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Education Opinion

Using Road Trips to Help Kids Find Their Passions

By Justin Reich — July 20, 2012 2 min read

“There is so much opportunity with new technologies. But so much innovation is taking on the character of the old style of schooling.”
- Mike Marriner, Roadtrip Nation

I was really lucky last evening to grab a beer after work with Mike Marriner, one of the founders of RoadTrip Nation. Many of you may know Roadtrip Nation from its PBS television show, but the whole project is taking a new direction towards providing curriculum and online platforms for students and teachers.

Specifically, Roadtrip Nation wants to help young people discover their interests and passions through the great American rite of the road trip. When Mike talks about young people, you feel the catch in his throat, the knot in his stomach, when he talks about kids who can’t imagine their future, who can’t find a reason to go to college, or who can’t figure out how to choose a major once they get there. He sees school as a place not just for filling brains with stuff, but for giving children a reason to want to learn in the first place.

The Roadtrip Nation curriculum invites students to explore the lives of people in their surrounding community. On the Roadtrip Nation television show, students interview and visit with celebrities, business owners, politicians, motivational speakers and all sorts of interesting people. The Roadtrip Nation education program helps students begin to explore their own interests, and then interview and visit with the local politicians, small business owners, tradesmen, and interesting people in their own community. The curriculum is facilitated by an online platform, RoadtripNation.org, that let’s students share their experiences, be inspired by other roadtrippers, and glimpse into communities around the country. It’s been used by tens of thousands of students so far, and I look forward to it seeing smashing success in the years ahead.

The Roadtrip Nation team has made a special focus on working with students in underserved communities and institutional settings that don’t typically have great access to counseling and career exploration. I write a lot about whether free tools and resources will mostly benefit the rich, and the Roadtrip project is a perfect example of how you can design delivery systems for your interventions that target the kids we most want to reach.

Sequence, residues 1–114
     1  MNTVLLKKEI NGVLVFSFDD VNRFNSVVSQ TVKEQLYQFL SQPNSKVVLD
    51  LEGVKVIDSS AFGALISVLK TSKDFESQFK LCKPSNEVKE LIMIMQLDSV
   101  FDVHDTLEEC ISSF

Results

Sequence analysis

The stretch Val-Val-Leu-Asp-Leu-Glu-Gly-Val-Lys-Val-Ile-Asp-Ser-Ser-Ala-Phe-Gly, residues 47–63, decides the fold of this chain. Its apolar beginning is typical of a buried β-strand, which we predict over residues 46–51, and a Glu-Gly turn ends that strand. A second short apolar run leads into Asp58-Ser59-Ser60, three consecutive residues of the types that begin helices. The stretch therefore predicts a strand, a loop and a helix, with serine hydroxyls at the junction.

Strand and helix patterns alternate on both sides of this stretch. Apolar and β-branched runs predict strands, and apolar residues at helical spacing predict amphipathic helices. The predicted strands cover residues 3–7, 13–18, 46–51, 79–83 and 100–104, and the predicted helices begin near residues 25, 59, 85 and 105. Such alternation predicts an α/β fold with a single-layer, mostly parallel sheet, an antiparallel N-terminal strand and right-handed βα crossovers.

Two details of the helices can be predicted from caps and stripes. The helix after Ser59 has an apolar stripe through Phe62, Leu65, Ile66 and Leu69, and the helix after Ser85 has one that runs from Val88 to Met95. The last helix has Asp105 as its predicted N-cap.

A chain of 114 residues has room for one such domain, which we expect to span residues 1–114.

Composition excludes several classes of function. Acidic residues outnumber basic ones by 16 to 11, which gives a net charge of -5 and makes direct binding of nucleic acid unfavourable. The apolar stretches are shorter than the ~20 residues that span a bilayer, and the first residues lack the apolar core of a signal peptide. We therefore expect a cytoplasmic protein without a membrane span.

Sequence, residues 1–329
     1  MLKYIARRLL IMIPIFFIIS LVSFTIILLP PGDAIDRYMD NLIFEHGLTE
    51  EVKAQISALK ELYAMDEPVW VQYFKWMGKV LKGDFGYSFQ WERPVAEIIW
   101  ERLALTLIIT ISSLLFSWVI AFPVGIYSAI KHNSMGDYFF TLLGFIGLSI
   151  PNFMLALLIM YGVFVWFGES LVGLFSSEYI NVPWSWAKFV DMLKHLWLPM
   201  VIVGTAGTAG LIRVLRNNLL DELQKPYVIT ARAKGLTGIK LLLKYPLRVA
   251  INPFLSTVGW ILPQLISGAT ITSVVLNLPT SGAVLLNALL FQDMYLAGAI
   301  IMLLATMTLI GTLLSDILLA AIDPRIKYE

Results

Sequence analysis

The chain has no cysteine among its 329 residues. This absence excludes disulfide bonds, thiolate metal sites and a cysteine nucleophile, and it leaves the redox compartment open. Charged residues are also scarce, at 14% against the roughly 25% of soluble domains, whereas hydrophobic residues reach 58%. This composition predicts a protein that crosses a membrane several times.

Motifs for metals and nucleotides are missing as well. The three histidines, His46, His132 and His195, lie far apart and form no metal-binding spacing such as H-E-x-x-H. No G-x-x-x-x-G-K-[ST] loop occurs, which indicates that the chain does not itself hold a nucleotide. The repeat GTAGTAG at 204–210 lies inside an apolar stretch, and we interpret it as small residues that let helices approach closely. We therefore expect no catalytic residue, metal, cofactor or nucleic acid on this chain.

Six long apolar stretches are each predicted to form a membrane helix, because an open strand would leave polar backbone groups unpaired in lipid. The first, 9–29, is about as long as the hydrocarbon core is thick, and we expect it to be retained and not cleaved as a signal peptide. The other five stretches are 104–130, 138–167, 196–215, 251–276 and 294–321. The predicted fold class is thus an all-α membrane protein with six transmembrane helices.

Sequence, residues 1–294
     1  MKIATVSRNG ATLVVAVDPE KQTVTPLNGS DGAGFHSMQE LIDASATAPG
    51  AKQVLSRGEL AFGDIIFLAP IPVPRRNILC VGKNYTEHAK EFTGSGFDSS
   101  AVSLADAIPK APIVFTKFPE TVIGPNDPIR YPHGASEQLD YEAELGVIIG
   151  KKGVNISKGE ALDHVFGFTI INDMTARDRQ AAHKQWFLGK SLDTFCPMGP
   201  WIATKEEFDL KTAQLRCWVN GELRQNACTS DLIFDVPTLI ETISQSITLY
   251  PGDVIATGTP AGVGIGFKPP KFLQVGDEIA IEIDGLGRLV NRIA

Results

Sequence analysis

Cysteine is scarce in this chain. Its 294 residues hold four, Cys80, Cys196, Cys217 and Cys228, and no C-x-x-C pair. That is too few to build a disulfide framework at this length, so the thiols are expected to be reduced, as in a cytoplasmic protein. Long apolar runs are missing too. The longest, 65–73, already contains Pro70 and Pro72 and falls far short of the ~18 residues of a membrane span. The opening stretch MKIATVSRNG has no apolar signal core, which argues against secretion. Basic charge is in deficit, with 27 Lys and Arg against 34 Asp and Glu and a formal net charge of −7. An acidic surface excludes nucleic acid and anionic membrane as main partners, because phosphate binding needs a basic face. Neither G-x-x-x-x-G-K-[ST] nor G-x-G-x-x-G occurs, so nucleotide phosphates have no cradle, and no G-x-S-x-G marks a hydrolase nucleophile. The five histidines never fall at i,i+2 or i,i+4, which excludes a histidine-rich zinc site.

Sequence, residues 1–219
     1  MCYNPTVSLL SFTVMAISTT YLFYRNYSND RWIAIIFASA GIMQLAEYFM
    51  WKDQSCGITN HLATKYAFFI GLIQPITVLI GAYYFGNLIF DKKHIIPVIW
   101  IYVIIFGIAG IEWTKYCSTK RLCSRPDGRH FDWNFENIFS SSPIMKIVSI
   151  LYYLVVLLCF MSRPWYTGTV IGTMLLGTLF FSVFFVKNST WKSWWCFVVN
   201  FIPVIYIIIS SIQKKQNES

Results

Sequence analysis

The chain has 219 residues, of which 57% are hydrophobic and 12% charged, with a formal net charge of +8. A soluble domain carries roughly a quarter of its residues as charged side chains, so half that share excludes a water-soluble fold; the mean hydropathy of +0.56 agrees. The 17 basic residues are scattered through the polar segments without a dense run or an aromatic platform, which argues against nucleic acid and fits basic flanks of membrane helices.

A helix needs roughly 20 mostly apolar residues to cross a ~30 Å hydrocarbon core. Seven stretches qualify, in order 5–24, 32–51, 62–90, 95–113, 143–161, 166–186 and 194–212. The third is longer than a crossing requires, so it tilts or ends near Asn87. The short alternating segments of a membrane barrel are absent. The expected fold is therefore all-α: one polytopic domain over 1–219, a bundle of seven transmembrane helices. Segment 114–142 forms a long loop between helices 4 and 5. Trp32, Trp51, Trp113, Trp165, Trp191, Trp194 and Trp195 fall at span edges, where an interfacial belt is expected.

I know of nothing like Roadtrip Nation. I can’t think of anything in my own educational experience like it, or in the educational experiences that I have provided for young people in my career. And that’s exactly what we should be doing with new technologies: creating new models, addressing new challenges, reinventing what it means to have an education. Roadtrip Nation is taking video, social networks, and other new media tools and pulling them together in unique ways that address the incredibly pressing challenge of helping young people find their paths and passions in a complex world.

Note to young edu-entreprenuers out there: Quit trying to make the old system run faster. Build something way better.

For regular updates, follow me on Twitter at @bjfr and for my papers, presentations and so forth, visit EdTechResearcher.

The opinions expressed in EdTech Researcher are strictly those of the author(s) and do not reflect the opinions or endorsement of Editorial Projects in Education, or any of its publications.